We did lots ourselves which was really stressful in the last couple of weeks, but totally worth it. The day felt so much more personal because we did a lot ourselves (with help from our family and friends) and we managed to keep costs really low.

    My mother-in-law was brilliant and made all of the invites herself as she is a crafter anyway so had all the bits required, and we used pebbles for the place settings meaning we saved on that too. I've seen playing cards used before too which was nice (although it was an Alice in Wonderland theme so it fitted well).

    My dress was also second hand at £46 (inc delivery) from eBay! I did then have to pay £50 for alterations but was still a steal!

    Lastly, we only invited 70 guests to the day, and had the rule that if you don't have their number in your mobile phone or you've not spoken to them in the last year then they probably don't need to be at your wedding! This cut costs hugely and felt really nice to have such an intimate day.

    For us (bar the venue and the food), the most costly things were the rings and the photographs, which we decided to spend more on because they were the things that would last when the day was over.
  • Murphybear
    Murphybear Forumite Posts: 7,175
    Tenth Anniversary 1,000 Posts Name Dropper Photogenic
    When I got married in Wandsworth Registry Office in 1978 there were 5 people present - me, him, my BF and his parents. They treated us to a meal in a decent restaurant followed by a bottle of Krug (only time I've ever had it!) at their house.

    Cheap wedding, we were saving up to buy a house. Marriage didn't last long, no kids or regrets.

    Current partner, he bought me a custom made platinum/diamond engagement ring and platinum/sapphire wedding ring, both of which I wear with pride. I took his name but we never actually got married. Still together 18 years later!

    Neither of us could see any point in getting married, we used the money we saved to buy a decent car.

    I still don't understand why couples strain their finances to breaking point to have a big wedding.
  • TBagpuss
    TBagpuss Forumite Posts: 11,191
    Part of the Furniture 10,000 Posts Name Dropper
    pippinpuss wrote: »
    Bridesmaids are supposed to pay for their own dresses. It's tradition.

    Only in the USA. In the UK, traditionally the Bride (or her father if you are being old-fashioned) pays for the dresses, as she is the one choosing them. If you want your bridesmaids to pay for their own dresses, then you should also be allowing them to chose them, so they end up with a dress they like and can use again.

    In terms of savings generally:

    Decide which things are important to *you*, the couple. Not what your parents, or friends, or bridal magazines say you 'ought' to have.

    make sure that you are not taking advantage of your guests - it's not OK to expect guests to pay for their own meal, for instance, and if you plan to have a cash bar you should still provide something to drink, even if it it only water and soft drinks, and should consider the prices at the bar.

    Venues: dedicated 'wedding' venues can be very expensive - hiring a church hall or similar can work out a lot cheaper, even of you then spend money on decoration.

    Flowers - prices for wedding bouquets have a huge mark up. Consider buying loose flowers and making up the bouquet yourself (unless you desperately want something really elaborate)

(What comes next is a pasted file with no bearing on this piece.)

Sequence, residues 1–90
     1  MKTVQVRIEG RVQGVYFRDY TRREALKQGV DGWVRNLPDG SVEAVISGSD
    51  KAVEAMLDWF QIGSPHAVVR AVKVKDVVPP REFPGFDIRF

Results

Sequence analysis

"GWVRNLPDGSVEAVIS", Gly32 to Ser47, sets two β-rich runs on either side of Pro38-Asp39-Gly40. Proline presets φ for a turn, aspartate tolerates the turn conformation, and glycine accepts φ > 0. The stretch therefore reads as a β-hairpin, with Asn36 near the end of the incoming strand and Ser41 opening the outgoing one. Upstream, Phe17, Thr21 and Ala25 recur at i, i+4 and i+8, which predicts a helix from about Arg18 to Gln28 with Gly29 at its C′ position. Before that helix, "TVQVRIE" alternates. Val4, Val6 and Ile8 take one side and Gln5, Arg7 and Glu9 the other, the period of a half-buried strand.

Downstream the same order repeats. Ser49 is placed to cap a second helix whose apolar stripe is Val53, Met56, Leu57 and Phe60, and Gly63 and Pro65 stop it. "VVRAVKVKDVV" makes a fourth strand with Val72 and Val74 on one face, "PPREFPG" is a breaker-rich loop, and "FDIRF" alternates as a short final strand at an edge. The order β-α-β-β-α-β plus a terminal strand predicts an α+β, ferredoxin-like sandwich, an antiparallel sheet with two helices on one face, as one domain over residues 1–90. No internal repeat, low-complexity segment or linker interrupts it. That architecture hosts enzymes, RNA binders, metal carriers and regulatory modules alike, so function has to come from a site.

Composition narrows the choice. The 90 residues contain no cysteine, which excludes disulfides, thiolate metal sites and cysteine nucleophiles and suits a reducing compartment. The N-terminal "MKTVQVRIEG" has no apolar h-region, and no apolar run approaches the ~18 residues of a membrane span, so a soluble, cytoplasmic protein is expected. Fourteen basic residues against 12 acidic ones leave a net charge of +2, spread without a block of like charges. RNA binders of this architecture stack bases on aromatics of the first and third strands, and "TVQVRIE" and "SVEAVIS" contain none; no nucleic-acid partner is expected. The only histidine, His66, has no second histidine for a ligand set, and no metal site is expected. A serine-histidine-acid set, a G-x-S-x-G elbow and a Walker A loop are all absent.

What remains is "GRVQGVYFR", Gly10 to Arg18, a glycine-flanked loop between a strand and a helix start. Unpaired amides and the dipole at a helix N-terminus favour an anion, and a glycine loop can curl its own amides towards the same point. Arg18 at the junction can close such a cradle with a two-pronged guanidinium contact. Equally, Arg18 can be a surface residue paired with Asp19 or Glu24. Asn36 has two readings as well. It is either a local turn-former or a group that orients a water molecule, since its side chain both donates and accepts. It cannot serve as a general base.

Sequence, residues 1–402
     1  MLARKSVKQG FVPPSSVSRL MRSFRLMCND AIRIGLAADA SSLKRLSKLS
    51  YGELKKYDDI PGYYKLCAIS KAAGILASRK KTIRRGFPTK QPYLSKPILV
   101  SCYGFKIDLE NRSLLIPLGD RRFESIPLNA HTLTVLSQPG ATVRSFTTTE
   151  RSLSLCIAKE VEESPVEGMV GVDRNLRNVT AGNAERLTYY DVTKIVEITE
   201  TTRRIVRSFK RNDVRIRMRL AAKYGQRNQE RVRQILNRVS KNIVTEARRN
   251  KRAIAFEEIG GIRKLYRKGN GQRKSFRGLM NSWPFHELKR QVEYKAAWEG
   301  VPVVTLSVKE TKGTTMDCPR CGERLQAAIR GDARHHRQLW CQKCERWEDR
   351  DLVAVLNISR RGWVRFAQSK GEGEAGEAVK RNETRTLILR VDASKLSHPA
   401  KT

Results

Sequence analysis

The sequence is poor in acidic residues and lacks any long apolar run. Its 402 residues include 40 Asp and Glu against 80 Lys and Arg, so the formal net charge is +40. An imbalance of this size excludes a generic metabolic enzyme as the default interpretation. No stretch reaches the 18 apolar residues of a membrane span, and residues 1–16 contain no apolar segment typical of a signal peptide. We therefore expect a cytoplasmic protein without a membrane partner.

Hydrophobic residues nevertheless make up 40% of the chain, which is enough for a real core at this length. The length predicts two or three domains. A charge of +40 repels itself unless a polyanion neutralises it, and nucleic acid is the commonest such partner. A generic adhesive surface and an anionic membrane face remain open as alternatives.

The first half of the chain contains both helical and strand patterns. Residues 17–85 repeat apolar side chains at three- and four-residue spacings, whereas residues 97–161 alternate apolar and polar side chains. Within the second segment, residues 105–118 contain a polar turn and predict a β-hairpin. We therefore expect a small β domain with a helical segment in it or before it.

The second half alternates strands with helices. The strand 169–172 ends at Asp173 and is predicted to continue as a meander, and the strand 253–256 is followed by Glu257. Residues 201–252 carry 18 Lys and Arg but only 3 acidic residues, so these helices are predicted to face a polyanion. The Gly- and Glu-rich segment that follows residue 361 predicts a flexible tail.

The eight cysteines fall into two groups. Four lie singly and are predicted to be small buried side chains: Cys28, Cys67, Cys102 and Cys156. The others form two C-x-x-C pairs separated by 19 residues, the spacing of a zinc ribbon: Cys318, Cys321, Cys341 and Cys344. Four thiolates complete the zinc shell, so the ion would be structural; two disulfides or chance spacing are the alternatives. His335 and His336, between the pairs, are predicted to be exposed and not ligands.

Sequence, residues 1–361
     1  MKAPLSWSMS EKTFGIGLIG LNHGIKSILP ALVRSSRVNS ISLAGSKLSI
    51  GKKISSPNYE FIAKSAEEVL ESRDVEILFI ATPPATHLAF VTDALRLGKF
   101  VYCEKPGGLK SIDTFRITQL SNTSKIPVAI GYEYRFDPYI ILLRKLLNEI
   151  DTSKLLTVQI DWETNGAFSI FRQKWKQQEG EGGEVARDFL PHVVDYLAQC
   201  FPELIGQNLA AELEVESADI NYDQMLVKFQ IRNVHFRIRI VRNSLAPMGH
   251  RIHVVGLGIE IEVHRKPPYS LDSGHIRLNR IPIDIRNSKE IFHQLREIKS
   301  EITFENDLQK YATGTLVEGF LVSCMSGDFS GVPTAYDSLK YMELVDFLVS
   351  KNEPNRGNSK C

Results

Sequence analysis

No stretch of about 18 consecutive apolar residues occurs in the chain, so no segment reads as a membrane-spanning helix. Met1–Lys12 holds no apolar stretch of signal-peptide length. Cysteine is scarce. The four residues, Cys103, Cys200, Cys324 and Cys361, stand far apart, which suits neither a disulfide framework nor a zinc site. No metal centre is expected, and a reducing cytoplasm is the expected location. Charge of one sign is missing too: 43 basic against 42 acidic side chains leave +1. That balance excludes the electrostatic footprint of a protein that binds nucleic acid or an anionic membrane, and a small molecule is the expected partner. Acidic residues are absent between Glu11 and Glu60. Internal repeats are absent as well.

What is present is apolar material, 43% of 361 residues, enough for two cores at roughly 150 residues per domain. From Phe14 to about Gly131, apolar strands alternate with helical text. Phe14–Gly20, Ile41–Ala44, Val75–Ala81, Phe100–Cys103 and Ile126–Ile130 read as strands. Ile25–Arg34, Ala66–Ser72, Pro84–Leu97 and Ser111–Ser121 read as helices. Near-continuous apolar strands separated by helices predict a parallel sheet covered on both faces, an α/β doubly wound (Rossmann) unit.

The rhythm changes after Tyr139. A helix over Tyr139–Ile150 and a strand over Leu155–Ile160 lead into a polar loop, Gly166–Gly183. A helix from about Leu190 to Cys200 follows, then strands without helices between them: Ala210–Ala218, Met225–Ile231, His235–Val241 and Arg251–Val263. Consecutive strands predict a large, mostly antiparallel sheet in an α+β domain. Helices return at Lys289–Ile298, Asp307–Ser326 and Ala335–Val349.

Photos - think about what you want. Do you want lots of posed pictures? if not, set up a Flickr account or similar, and print cads with the log in details and ask everyone to upload their pictures following the wedding.

    Cars - how important is it to you to roll up in a chauffeur driver Rolls? A car wash and some ribbon to jazz up your own / a parents' car to get to the ceremony and reception, and a taxi to leave in will be much cheaper. Bear in mind that often, everyone will be in the church/venue when you arrive, so won't see the car when you get there, so you are basically paying for a prop for a few photos after the ceremony. (plus, if you go in a friend or family member's car you can, if you, leave a pair of comfortable shoes there, and don't have to panic about whether it will arrive on time)

    If you can get married out of peak times you will find that you can negotiate, and costs will generally be lower, so February, November etc will be a lot less than June or August.

    The things *not* to scrimp on are things which effectively mean other people are paying for your day - so no getting people to pay for their meals, if you ask friends to do photographs / cake making / decoration make clear that they are free to say no, and that you regard the time and effort they put in to be their gift to you, and do not expect them to give you another gift as well. If you ask a friend to make your cake, pay for the ingredients yourself - particualarly if you want a traditional fruit cake - the ingredients cost a lot and mount up very quickly - I made one tier of my sisters cake (I offered to do so, she did not ask!) and the ingredients alone cost over £50, for example.

    some of the nicest weddings I have been to have been the least expensive. One couple I know had a tiny registry office wedding (immediate family only) then a big, casual reception - buffet meal, a couple of barrels of beer and boxes of wine, ice-cream van for dessert, and some games such as giant jenga and garden snakes-and ladders which kept the children present entertained.
    All posts are my personal opinion, not formal advice Always get proper, professional advice (particularly about anything legal!)
  • brightonman123
    brightonman123 Forumite Posts: 8,532 Forumite
    reception open bar!
    Long time away from MSE, been dealing real life stuff..
    Sometimes seen lurking on the compers forum :-)